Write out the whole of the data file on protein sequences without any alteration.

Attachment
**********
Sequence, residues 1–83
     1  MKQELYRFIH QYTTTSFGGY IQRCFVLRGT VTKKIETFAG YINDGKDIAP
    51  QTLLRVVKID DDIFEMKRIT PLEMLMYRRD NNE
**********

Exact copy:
Sequence, residues 1–83
     1  MKQELYRFIH QYTTTSFGGY IQRCFVLRGT VTKKIETFAG YINDGKDIAP
    51  QTLLRVVKID DDIFEMKRIT PLEMLMYRRD NNE